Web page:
Nigeria: Economy contracts heavily in Q2 on double pandemic and oil price blow
The economy was dealt a severe blow by the oil price slump and Covid-19-induced restrictions in the second quarter. Economic activity collapsed 6.1% on an annual basis in Q2 (Q1: +1.9% year-on-year), a much greater hit than what market analysts had expected. The reading marked the first decline in output since Q4 2017 and the worst slump in at least a decade.
Sharp contractions in both the oil and non-oil segments of the economy drove the downturn. The non-oil economy shrank 6.1% year-on-year (Q1: +1.6% yoy) particularly as lockdowns in the commercial hub Lagos and the capital Abuja pummeled activity. The manufacturing, trade, construction, hospitality and transportation sectors were especially hit. Meanwhile, although agricultural output increased, it eased again in the second quarter (Q2: +1.6% yoy; Q1: +2.2% yoy).
As for the all-important energy sector, activity also reeled, contracting 6.6% over the same quarter last year (Q1: +5.0% yoy). In addition to weak oil prices persisting after their crash in March, crude production was also pared back—coming in at 1.81 million barrels per day (mbpd), the lowest level in over three years (Q1: 2.07 mbpd).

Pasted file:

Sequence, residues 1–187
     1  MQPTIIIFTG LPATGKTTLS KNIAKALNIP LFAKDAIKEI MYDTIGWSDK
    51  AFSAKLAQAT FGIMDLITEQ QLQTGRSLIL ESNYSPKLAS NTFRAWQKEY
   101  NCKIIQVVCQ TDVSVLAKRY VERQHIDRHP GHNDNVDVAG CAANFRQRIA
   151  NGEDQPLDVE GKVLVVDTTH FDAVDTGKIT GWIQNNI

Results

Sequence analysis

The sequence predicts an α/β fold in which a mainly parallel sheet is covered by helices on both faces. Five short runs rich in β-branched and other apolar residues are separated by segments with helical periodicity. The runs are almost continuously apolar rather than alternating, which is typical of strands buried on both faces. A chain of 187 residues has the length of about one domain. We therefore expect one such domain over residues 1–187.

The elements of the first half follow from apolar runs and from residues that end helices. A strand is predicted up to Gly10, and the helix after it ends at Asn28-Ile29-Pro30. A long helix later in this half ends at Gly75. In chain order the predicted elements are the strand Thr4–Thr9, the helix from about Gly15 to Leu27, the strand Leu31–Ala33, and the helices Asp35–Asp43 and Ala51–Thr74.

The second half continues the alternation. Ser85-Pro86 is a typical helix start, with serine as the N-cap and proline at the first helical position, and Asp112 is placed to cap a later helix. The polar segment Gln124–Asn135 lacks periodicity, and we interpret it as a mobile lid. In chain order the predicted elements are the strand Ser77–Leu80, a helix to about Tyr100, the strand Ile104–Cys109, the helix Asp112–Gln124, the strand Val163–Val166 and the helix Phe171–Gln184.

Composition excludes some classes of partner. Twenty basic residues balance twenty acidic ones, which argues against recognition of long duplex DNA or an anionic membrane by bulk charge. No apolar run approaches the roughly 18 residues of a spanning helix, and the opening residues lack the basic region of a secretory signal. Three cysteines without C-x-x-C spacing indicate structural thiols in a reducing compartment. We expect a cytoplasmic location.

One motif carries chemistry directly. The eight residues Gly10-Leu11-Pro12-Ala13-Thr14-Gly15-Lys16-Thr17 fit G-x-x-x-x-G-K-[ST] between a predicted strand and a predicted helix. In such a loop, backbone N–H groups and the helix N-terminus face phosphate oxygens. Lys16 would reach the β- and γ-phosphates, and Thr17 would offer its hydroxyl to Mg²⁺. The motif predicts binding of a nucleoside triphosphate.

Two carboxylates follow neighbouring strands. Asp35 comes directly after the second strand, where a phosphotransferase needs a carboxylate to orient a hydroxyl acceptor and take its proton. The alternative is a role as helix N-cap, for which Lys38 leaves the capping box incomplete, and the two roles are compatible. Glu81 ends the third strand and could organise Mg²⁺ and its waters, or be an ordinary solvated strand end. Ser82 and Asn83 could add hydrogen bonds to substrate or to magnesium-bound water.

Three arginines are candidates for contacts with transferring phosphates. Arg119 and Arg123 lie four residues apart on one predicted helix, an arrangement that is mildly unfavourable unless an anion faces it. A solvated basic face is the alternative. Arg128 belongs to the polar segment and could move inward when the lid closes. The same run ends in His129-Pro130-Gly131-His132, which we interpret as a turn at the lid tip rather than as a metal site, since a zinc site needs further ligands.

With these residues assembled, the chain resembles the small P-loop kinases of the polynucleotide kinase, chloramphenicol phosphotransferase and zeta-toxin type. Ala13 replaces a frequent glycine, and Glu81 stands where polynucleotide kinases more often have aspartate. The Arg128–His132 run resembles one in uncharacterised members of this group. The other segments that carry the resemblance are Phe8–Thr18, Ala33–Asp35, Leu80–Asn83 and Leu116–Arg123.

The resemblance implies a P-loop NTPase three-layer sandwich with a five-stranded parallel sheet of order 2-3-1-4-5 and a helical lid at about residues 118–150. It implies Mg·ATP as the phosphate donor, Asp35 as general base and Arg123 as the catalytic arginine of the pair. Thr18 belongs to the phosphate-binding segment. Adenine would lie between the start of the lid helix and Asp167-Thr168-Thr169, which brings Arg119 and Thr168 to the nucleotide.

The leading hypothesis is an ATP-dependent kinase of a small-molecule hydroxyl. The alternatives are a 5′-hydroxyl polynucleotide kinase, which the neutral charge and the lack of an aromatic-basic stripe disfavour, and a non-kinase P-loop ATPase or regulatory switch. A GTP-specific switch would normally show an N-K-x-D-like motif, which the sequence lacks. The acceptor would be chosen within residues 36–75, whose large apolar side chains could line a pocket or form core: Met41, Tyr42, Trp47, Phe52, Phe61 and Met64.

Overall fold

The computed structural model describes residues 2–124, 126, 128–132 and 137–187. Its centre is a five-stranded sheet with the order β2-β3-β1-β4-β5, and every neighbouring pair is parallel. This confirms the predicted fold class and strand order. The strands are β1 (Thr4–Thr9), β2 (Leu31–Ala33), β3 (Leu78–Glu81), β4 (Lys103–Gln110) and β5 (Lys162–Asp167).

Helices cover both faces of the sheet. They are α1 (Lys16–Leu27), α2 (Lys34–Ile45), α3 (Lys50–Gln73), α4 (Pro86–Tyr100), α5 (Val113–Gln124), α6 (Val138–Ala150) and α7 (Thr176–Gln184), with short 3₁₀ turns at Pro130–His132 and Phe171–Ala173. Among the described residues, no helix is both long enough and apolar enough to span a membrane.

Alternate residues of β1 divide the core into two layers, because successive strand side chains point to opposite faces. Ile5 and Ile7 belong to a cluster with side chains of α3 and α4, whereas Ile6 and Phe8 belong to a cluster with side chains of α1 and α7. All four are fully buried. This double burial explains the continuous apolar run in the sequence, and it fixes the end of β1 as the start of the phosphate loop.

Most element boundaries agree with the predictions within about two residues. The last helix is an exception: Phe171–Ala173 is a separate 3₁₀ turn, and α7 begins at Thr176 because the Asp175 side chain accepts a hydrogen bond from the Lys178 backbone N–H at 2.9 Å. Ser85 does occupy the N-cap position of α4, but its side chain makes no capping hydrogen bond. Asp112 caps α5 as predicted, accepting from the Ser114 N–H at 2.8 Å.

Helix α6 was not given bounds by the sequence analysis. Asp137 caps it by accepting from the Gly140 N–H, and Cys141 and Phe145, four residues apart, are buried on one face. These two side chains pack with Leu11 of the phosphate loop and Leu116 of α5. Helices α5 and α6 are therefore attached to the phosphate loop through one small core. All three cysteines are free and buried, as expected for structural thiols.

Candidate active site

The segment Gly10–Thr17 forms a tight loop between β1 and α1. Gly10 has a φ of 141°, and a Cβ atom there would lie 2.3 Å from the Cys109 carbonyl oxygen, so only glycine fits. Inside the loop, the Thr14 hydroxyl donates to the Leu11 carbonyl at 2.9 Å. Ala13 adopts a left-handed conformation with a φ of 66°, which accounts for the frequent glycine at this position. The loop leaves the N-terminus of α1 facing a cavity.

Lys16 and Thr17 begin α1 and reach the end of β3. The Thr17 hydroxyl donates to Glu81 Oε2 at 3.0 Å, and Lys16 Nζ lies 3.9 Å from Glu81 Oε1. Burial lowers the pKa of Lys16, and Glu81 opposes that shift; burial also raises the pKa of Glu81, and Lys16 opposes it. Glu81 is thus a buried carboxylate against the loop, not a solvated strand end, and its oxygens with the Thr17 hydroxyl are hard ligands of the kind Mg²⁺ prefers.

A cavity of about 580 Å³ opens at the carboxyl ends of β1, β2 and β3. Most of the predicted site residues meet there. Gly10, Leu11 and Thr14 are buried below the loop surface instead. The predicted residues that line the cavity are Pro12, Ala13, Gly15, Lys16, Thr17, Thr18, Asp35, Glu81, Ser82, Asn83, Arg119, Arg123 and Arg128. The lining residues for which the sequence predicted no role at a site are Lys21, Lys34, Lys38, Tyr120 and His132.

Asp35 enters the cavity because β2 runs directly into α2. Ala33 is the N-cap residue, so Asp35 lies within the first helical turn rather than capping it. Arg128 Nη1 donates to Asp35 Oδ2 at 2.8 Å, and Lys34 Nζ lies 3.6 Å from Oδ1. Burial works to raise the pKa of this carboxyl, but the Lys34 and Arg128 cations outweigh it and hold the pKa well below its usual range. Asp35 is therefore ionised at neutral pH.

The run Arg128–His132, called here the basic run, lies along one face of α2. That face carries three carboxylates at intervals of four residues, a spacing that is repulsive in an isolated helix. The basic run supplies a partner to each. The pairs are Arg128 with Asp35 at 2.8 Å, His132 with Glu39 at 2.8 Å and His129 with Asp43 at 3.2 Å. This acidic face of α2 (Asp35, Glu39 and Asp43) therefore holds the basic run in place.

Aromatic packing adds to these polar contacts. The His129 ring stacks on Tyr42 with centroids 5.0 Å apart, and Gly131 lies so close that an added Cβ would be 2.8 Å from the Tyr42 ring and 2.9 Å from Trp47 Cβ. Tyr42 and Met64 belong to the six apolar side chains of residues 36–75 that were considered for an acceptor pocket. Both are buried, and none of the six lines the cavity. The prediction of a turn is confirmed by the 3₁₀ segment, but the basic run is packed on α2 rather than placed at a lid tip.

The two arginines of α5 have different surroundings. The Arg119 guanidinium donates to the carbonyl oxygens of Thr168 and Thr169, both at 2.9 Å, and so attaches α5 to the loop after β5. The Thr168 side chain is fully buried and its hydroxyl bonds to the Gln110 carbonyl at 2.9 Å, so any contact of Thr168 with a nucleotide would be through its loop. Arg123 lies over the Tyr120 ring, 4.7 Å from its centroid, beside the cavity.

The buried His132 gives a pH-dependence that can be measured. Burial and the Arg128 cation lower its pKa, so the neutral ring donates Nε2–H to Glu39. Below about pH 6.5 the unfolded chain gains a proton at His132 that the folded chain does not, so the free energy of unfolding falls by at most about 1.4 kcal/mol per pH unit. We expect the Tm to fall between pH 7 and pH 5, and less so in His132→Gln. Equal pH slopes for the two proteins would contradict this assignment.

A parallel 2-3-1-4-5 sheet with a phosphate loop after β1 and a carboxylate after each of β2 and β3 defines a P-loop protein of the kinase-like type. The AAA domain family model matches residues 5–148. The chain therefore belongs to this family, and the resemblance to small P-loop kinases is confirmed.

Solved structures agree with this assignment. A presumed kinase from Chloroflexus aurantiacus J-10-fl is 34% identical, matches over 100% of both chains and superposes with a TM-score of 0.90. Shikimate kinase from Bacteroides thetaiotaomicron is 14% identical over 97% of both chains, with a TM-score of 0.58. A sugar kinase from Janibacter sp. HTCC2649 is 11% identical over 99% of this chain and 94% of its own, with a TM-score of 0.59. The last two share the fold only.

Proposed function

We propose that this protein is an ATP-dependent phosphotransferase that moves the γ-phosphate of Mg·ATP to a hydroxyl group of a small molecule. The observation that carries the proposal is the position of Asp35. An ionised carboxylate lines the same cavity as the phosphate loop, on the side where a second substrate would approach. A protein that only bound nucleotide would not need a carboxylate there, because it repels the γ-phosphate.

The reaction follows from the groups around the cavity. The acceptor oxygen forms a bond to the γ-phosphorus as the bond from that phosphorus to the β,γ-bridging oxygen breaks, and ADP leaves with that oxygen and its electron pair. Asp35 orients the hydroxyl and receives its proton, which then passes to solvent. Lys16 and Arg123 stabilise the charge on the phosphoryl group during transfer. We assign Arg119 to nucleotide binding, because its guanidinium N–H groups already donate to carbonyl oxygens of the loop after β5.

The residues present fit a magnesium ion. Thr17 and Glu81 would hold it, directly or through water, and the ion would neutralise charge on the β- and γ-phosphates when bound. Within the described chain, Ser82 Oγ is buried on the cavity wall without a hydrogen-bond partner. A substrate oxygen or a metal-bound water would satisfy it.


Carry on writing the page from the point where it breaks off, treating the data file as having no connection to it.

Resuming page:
The pandemic and the oil price shock are set to plunge the economy into a severe recession this year. Considerable job and income losses as well as likely lower remittances will hamper consumer spending, while business investment will be hammered due to greater uncertainty. Tighter FX liquidity, mounting inflationary pressures and subdued global demand all cloud the outlook further.
Commenting on what lies ahead for the economy, Dylan Smith and Andrew Matheny, economists at Goldman Sachs, noted:
“Over the second half of 2020, we anticipate a rotation in negative growth contributions from the services sector to the oil industry, as the effects of lockdown easing support a partial rebound in domestic demand, while the oil industry remains under pressure. Meanwhile, we expect the CBN’s FX policies to weigh on broad domestic demand and hold back the economic recovery until a meaningful FX adjustment is implemented.”